Niger will not extradite Kadhafi son Saadi: prime minister

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Niger has no plans to send ousted Libyan strongman Moamer Kadhafi's footballer son Saadi home to face justice, Prime Minister Brigi Rafini said Thursday on a visit to France.

Earlier, the global police agency Interpol had issued a notice warning to its member states, which include Niger, that Libya is seeking Saadi's arrest for his alleged crimes while head of the country's football federation.

"Saadi Kadhafi is in safety, in security in Niamey, in the hands of the Niger government. There's no question of him being extradited to Libya for the moment," Rafini told AFP in the western French town of Saint-Brieuc.

"We need to be sure he will be allowed a fair defence," he said. "Are those conditions in place today? No."

The 38-year-old playboy fled Libya across its southern frontier to Niger after revolutionary forces stormed Tripoli and overthrew his authoritarian father's 42-year regime. He was last seen in Niger's capital Niamey.

Interpol said in a statement from its Lyon headquarters that Saadi was wanted "for allegedly misappropriating properties through force and armed intimidation when he headed the Libyan Football Federation."

"It urged member states to help locate him" with a view to returning him to Libya where an arrest warrant for him has been issued.

"As the commander of military units allegedly involved in the repression of demonstrations by civilians during Libyas uprising, Saadi Kadhafi is also subject to a United Nations travel ban and assets freeze," it said.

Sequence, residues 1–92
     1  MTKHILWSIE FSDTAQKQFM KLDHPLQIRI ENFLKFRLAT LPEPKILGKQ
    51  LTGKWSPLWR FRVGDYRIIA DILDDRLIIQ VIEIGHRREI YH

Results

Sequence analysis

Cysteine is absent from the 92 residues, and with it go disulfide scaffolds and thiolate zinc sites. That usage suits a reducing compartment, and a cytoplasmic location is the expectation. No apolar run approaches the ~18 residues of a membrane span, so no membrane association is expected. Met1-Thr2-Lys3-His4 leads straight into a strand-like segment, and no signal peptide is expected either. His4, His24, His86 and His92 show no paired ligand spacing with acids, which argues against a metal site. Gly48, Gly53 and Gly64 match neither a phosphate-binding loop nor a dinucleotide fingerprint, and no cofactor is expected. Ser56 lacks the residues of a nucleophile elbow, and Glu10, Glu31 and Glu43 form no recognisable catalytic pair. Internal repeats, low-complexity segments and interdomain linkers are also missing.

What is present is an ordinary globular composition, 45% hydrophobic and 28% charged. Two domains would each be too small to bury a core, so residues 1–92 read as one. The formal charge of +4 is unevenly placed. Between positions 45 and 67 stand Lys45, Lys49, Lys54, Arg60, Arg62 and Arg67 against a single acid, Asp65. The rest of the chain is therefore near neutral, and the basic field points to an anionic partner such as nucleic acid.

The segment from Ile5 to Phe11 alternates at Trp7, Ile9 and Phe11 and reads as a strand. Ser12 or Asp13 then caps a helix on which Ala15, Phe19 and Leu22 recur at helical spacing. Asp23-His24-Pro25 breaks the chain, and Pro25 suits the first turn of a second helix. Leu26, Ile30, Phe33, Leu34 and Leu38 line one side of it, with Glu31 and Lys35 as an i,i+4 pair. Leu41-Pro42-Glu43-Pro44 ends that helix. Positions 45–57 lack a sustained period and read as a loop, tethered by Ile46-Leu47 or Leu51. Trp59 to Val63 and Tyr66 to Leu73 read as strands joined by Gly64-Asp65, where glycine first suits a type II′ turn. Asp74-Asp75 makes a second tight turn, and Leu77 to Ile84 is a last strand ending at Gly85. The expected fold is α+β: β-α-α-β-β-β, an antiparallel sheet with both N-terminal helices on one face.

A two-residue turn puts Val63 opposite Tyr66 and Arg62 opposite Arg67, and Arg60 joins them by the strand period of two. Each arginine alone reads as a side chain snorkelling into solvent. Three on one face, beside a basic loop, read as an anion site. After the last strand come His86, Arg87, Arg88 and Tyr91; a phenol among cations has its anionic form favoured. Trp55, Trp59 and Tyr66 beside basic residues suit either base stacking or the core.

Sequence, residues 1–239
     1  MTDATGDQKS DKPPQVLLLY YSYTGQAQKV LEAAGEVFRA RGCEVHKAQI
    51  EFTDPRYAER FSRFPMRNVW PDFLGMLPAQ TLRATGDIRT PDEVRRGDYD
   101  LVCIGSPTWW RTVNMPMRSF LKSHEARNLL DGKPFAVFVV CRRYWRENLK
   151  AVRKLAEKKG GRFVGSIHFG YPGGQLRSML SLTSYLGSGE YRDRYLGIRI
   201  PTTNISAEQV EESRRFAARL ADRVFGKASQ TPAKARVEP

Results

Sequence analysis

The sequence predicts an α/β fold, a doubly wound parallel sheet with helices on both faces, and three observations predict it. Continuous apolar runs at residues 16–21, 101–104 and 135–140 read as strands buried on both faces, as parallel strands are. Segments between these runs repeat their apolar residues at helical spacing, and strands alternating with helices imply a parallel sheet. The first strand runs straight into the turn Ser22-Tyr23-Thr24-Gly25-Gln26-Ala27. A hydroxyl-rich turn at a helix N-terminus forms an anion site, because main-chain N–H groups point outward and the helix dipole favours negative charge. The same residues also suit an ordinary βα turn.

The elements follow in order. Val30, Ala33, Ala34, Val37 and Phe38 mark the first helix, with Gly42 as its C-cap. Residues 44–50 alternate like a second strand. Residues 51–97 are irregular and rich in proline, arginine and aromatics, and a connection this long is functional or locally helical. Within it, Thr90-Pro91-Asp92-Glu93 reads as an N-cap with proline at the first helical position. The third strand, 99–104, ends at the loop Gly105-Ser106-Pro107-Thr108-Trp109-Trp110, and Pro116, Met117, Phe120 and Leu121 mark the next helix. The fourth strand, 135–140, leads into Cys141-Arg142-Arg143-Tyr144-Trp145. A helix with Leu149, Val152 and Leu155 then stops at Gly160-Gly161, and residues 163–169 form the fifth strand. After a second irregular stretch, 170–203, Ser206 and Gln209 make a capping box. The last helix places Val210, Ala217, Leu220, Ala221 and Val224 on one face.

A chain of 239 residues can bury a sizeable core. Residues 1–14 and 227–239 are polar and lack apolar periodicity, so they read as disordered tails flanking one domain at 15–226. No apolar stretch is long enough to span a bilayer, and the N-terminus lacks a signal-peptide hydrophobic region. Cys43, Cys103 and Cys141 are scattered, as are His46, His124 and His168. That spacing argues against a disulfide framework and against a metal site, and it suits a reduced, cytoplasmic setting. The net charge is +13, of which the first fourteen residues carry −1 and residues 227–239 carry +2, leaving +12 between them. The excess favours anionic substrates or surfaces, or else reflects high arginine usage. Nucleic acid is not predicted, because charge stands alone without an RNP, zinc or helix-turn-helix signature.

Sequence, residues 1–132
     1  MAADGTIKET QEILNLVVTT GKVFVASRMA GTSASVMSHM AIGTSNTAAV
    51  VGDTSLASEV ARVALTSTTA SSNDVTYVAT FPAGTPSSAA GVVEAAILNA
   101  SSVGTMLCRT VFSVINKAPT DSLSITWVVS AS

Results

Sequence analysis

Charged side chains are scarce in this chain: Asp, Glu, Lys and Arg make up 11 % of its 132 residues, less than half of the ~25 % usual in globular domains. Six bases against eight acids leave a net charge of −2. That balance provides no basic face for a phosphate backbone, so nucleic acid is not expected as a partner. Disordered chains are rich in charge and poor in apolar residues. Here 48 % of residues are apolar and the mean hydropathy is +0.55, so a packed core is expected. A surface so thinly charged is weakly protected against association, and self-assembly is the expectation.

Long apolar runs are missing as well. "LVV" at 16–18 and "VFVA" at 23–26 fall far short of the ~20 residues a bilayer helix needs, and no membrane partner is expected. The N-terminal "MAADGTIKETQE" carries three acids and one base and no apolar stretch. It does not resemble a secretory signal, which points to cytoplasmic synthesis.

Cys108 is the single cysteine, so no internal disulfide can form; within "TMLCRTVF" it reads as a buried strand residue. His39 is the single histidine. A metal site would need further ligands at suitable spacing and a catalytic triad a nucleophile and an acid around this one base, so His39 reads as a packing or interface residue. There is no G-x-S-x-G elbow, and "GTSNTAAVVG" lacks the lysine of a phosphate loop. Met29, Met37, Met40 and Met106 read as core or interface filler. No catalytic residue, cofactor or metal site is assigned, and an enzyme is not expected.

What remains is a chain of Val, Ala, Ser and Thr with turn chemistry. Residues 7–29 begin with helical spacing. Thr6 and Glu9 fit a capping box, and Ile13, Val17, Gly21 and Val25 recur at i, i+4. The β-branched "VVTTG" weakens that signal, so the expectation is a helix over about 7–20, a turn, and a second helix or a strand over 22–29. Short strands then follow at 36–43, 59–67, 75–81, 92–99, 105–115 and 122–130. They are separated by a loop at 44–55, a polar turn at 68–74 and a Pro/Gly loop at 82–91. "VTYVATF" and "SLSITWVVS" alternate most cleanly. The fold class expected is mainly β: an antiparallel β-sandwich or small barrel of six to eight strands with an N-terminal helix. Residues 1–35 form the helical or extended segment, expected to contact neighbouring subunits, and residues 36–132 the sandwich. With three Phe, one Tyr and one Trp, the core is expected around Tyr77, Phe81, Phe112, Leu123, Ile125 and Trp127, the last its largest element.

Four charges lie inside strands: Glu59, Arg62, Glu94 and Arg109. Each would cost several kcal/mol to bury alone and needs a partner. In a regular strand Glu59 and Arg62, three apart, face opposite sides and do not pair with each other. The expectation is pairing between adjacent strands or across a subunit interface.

Saadi, the third of Kadhafi's seven sons, renounced a football career in Italy in 2004 to join the Libyan army, where he led an elite unit.

He was captain of his national team and president of the Libyan Football Association and remained a symbol of the murky ties between Libyan oil money and Italian professional football.

When he was 20, he trained with Italian clubs Juventus and Lazio.

He remained a shareholder in the leading Turin club Juventus by virtue of being the chairman of Libyan Arab Foreign Investment Company, which holds 7.5 percent of the shares in the club.

He also tried to buy Roman side Lazio in 2002 after the collapse of the Cirio food empire, which owned the club.

Too big, too slow, not strong enough technically, Saadi was not at the level required for the Italian first class division football but was recruited by Perugia in 2003 for marketing reasons.

His first game was a media sensation, but he played only once in two seasons (2003-2005) and he had barely kicked a ball when he was suspended by Perugia after testing positive for nandrolone, an anabolic steroid.

During his brief playing career he used to stay in a five-star hotel in the centre of the city, occupying an entire floor, with a suite for 20 people.

He made few friends in the Libyan national team either.

"We felt hindered. He was still the son of the head of the state. He was not on equal footing," goalkeeper Samir Abboud recalls, alleging that Saadi could not even pass a ball.

© 2011 AFP

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